25 Sep Using Power BI to Enhance Excel Data Visualization
Howdee! Data visualization is one of the biggest terms being thrown around right now. From companies like Domo, to Tableau, to Microsoft’s Power BI, data visualization is the hot item right now. To those of us that have been working in Excel for years, this concept is not new. You’ve likely been using data visualization every day of your career. However, the problem being faced right now is that charts made in Excel tend to look and behave like charts made in Excel. They don’t have fancy tooltips, drilldown capabilities, or the level of interactivity found in these new data visualization tools.
Now, I’m not going to tell you that I think these tools will ever replace Excel. They won’t. They simply aren’t going to be flexible enough to perform quick what-if analysis on the fly like you can with a well-built Excel model. However, as analysts, we need to utilize ALL the tools we need to effectively communicate our analysis. At one point, Excel was the only tool you needed to do this, but that isn’t the case anymore and we need to adapt to the change. So, today I’m going to go over the basics of how to import data to Power BI from Excel and perform some basic data analysis. The first thing you’ll need to do is download Power BI Desktop at this link.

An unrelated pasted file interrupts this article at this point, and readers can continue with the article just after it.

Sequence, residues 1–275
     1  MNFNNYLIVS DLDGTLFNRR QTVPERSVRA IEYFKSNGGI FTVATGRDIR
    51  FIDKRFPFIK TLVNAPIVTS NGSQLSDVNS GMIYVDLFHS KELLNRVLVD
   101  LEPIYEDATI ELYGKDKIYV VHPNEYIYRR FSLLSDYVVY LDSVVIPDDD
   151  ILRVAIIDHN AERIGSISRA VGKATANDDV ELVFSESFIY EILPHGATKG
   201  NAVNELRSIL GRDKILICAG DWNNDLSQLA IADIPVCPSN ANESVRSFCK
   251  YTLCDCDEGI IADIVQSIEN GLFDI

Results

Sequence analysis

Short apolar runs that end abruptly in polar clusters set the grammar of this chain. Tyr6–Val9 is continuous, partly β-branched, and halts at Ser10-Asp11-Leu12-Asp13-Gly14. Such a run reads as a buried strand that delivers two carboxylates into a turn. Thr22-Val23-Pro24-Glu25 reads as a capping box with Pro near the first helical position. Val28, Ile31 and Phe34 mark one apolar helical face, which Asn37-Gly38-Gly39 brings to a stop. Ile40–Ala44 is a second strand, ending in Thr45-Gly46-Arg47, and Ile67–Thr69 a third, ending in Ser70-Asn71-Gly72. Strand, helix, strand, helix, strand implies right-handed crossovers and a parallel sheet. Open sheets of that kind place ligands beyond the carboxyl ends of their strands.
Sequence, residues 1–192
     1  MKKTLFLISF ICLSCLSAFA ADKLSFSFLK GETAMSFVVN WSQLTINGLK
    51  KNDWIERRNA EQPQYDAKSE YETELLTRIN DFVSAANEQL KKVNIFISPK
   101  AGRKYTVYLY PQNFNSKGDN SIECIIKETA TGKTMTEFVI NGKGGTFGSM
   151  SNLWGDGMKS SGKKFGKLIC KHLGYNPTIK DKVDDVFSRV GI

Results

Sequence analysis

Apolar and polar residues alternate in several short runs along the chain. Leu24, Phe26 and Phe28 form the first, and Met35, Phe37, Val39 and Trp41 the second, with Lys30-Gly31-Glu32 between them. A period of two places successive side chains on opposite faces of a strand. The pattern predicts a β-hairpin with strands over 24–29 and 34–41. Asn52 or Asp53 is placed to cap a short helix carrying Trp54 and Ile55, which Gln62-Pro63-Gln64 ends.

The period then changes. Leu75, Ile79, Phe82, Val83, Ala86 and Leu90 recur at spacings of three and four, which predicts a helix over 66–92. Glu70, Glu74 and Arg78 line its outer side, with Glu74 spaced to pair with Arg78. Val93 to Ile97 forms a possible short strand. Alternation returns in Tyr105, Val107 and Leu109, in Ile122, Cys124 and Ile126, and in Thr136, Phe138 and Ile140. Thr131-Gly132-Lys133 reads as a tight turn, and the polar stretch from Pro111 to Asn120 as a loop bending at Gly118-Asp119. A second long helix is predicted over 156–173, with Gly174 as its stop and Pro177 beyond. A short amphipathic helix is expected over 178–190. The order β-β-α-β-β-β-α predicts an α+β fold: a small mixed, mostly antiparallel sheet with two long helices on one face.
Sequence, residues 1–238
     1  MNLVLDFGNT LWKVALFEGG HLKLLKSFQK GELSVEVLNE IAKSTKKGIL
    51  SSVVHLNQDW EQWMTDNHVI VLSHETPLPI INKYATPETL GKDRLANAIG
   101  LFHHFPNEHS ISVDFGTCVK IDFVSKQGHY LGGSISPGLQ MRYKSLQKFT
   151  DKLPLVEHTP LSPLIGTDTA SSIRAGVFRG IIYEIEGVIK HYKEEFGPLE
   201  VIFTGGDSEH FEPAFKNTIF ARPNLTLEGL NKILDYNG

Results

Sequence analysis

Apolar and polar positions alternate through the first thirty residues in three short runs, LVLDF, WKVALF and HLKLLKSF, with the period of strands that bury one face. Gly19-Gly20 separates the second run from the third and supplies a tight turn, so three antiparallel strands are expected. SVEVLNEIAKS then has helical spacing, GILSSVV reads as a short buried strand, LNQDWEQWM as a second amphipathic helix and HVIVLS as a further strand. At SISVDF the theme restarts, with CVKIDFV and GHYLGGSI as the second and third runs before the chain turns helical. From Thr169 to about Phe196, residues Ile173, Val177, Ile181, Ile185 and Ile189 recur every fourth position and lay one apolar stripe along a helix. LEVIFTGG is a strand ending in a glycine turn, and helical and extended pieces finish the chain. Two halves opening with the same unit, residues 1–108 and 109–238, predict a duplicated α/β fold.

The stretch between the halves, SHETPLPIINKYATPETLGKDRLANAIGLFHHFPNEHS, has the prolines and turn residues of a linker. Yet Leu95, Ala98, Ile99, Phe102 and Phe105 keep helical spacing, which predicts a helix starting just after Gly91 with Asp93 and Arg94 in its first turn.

Import Data to Power BI from Excel – Getting Started
Once you have your Power BI Desktop software downloaded and installed, it’s time to prep your Excel data so Power BI can consume it. If you’ve ever worked with Power Pivot, you know that your Excel data should be in a table to consume it into your Power Pivot data model. Power BI operates much the same way. When you consume your Excel data, you’re storing it statically in a data model inside the Power BI file. To consume new data added to the table, you must refresh the data model.
For today’s example, I have a table of some NBA stats from last season. I recommend storing your Excel data table in a OneDrive folder. Power BI works very well connecting to files stored on OneDrive and I’ve only ever had one issue with the data refresh which Microsoft helped resolve very quickly.
When you open Power BI, you’ll have a blank canvas to design your report and a lot of fields that may look foreign right now. Let’s import some data to make sense of that. To import data to Power BI from Excel, click “Get Data” on the Home ribbon in the External data group. In the dropdown that appears, select “Excel”.